East Riding of Yorkshire Council’s countryside access team is getting involved in Hull UK City of Culture 2017 by giving away free copies of its Open Access Walks booklet (normally costing £2 each), covering 19 Open Access walks in the area. Walks are graded from gentle through moderate to strenuous, so they cater for all levels of fitness.
For a limited period only, the books will be available free of charge at Tourist Information Centres in the East Riding and in Hull, and at East Riding Leisure Centres, between April and June, to coincide with the Roots and Routes Theme of the second season of Hull 2017.
Patrick Wharam, countryside access manager, said: “We want people to take up the challenge to do some walking in the countryside as another contribution to Hull 2017.
“Some of our best countryside in the East Riding is hidden away in the Yorkshire Wolds. I hope that people will make use of the excellent variety of cafes and pubs in the Wolds, stay overnight perhaps, or maybe add a few days’ walking to a short break in the area.
“Many of the best walks are just a short car journey away, and many can be accessed by public transport.”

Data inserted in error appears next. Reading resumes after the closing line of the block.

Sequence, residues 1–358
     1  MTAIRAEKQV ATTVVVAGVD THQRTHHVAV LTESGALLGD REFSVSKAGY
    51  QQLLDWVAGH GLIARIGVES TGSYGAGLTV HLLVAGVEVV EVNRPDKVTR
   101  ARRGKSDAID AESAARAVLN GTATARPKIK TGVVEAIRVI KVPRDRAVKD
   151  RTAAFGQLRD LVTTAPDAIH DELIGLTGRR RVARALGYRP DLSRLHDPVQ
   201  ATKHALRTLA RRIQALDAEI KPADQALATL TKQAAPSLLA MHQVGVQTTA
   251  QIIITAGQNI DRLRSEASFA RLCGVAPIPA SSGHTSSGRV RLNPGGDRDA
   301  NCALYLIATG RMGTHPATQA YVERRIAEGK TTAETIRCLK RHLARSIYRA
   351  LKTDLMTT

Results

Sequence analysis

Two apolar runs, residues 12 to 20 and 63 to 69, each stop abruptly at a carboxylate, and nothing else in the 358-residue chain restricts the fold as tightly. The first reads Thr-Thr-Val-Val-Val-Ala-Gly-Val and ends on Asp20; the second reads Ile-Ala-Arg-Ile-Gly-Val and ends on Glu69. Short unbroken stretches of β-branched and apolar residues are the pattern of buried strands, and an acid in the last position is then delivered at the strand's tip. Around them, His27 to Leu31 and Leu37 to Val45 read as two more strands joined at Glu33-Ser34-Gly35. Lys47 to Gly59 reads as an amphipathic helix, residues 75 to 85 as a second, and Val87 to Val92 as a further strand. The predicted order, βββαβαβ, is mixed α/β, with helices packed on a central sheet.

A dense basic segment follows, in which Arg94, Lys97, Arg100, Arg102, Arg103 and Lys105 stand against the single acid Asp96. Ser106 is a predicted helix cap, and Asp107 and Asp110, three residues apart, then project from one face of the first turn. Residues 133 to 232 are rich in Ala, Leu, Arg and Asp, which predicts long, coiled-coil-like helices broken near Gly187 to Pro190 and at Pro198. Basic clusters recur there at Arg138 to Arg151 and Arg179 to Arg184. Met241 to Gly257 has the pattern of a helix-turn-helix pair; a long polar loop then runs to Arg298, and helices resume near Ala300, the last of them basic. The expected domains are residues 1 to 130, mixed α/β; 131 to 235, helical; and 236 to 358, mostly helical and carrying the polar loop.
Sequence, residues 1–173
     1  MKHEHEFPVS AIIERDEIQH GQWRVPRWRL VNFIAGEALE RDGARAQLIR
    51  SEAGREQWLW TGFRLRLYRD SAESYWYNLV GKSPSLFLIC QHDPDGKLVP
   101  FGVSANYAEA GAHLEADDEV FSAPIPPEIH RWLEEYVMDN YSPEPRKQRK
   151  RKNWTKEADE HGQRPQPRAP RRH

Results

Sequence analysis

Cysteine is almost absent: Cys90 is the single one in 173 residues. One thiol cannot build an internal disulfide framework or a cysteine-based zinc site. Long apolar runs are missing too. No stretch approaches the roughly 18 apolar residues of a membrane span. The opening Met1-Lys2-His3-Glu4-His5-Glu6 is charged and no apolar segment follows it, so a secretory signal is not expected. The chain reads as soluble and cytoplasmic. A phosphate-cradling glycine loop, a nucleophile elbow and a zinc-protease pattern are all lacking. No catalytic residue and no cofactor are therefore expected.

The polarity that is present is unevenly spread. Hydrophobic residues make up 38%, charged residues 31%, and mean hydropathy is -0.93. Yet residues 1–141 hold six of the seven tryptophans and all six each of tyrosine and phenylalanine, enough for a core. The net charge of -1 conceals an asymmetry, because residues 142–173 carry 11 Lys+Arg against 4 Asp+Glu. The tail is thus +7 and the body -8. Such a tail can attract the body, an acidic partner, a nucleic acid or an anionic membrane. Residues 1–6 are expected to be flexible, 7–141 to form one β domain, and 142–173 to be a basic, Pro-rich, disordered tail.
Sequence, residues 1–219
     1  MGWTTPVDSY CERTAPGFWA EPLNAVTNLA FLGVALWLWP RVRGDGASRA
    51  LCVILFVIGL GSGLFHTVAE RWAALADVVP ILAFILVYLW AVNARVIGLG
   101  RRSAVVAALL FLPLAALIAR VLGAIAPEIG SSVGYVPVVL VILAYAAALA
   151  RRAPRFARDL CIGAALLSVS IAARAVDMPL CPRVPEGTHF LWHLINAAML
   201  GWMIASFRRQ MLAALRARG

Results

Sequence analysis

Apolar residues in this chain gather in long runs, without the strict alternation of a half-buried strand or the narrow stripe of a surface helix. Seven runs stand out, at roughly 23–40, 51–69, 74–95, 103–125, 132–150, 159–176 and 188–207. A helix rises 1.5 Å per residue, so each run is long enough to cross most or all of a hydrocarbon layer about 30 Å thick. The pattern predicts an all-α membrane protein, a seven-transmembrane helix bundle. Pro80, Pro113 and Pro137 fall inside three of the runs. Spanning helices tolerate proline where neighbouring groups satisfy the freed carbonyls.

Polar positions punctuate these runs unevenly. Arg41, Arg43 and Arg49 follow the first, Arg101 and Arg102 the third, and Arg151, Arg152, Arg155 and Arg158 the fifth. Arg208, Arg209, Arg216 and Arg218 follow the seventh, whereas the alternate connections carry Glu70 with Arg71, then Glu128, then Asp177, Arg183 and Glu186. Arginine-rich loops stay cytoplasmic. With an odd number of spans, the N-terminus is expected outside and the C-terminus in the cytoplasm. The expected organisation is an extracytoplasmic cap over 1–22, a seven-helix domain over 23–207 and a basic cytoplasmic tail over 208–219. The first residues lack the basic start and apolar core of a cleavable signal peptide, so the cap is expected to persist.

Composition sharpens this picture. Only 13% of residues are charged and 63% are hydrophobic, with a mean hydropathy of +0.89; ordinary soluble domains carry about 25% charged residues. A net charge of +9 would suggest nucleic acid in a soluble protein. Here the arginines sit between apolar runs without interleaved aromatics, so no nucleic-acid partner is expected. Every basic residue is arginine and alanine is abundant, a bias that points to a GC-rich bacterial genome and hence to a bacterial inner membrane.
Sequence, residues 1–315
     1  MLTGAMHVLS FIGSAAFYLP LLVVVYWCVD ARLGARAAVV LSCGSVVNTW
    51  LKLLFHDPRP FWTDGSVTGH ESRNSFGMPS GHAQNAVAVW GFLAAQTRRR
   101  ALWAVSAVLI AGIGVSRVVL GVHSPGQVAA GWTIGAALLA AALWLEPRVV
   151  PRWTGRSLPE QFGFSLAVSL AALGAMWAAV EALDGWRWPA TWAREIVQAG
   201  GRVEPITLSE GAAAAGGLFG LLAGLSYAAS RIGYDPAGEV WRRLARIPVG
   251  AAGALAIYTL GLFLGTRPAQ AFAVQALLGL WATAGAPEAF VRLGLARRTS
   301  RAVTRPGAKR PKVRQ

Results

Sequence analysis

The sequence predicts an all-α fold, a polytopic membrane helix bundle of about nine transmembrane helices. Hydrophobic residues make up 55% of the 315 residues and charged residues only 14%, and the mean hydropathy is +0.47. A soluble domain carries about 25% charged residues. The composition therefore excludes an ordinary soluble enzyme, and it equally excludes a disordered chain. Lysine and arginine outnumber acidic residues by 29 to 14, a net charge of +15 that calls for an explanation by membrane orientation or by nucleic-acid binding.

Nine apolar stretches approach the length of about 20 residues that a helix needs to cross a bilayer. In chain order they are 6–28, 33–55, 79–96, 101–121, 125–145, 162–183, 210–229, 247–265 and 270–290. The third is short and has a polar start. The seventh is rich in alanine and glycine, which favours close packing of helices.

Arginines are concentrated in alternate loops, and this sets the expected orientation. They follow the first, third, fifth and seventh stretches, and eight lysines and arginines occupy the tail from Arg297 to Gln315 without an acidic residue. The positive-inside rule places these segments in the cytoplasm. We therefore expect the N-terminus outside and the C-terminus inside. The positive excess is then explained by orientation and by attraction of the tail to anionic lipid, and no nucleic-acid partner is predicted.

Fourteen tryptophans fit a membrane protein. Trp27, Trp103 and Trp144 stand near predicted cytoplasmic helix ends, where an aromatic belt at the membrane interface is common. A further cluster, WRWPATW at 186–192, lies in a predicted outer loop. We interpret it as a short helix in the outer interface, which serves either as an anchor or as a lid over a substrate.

‘Open Access’ means that people can walk through some of the green dry Wolds valleys that were out of bounds to the public before 2005, when the right of Open Access began in the East Riding.
Councillor Richard Burton, portfolio holder for civic wellbeing and culture, added : “Walking on Open Access land gives people a chance to enjoy huge stretches of outdoors land in the stunning East Riding without the need to stick to paths, which is great for our health and wellbeing, and the rural economy.
“Being mindful of the bird nesting season from 1 March to 31 July – you can walk, run, climb, picnic and watch wildlife in some superb parts of the East Riding!”
Open Access land is shown on Ordnance Survey Explorer Maps published since May 2005, which are available from bookshops. The Natural England website also has details of Open Access land at www.countrysideaccess.gov.uk
In the East Riding, the walks described in the booklet include a walk from Hotham village; Beverley Commons; North Newbald; walks around Huggate, Warter, Millington and Fridaythorpe in the heart of the Wolds; Sancton; and Allerthorpe Common.
Walkers are reminded that they are responsible for taking proper care of themselves and any children and dogs that accompany them. Dogs are allowed on Open Access land, but must be kept on leads between March and July.
Other walks in the East Riding can be found on the Walking the Riding website atwww.walkingtheriding.co.uk